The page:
Saliva protects against binding of bacteria that cause Traveler’s Diarrhea

Check out the Scientific American podcast:
https://www.scientificamerican.com/podcast/episode/saliva-protein-might-inhibit-intestinal-anarchy/

Esther Bullitt, Associate Professor of Physiology & Biophysics, and colleagues at the Boston University School of Dental Medicine and Washington University have published research showing that a component in saliva, Histatin-5, reduces binding of bacteria that cause Traveler’s Diarrhea.

This is the first report of saliva acting against bacteria destined for the gut, demonstrating an innate response to enteric pathogens.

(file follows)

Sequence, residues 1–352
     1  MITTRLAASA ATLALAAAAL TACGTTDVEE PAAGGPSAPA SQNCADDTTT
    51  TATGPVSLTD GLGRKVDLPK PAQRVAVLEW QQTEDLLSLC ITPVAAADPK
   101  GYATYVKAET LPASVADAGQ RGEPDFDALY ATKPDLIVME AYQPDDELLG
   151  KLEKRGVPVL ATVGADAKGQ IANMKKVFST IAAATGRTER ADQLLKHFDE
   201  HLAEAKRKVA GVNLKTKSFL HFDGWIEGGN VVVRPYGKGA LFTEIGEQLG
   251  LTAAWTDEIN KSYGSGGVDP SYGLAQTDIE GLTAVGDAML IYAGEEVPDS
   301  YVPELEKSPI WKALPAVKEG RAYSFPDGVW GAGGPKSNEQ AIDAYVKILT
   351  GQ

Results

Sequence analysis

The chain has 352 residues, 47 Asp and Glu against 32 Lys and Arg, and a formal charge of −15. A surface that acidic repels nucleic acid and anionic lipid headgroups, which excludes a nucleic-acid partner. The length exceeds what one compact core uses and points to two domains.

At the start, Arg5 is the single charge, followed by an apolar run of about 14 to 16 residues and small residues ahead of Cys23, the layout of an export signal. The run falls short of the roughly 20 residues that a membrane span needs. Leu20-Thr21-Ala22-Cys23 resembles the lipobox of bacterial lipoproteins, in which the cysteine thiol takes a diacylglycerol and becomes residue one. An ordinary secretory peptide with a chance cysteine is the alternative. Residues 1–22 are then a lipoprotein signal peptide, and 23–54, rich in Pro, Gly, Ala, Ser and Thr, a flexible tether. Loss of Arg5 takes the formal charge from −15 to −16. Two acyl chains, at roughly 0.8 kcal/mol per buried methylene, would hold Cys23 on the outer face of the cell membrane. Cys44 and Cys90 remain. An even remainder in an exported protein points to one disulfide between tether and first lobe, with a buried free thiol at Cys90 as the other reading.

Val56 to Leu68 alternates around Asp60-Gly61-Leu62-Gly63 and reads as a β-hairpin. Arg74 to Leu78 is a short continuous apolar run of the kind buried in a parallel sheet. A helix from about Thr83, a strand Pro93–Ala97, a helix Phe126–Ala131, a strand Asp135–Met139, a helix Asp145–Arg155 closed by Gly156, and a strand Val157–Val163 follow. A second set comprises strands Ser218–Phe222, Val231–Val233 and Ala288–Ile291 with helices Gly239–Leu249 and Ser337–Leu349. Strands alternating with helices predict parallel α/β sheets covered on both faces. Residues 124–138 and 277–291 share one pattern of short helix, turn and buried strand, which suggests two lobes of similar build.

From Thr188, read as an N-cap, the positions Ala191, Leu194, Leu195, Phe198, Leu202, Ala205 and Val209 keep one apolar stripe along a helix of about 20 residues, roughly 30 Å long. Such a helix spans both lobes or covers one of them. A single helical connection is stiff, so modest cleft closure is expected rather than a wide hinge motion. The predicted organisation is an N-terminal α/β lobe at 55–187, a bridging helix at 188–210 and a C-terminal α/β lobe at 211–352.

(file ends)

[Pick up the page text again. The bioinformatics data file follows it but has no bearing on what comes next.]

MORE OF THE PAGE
It has long been known that bacteria must bind to epithelial cells in the gut to initiate infection: No adhesion, No disease.

With this new research, there is hope that Histatin-5-based therapeutics may provide a way to reduce bacterial binding, and thereby reduce diarrheal disease.

A Role for Salivary Peptides in the Innate Defense Against Enterotoxigenic Escherichia coli
By Jeffrey W Brown, Arwa Badahdah, Micah Iticovici, Tim J Vickers, David M Alvarado, Eva J Helmerhorst,Frank G Oppenheim, Jason C Mills, Matthew A Ciorba, James M Fleckenstein,
Esther Bullitt

Is published in the Journal of Infectious Diseases, and can be accessed at

https://academic.oup.com/jid/advance-article/doi/10.1093/infdis/jiy032/4920821?guestAccessKey=b21543ba-bff0-42e8-b04b-2c3a0fb5c716

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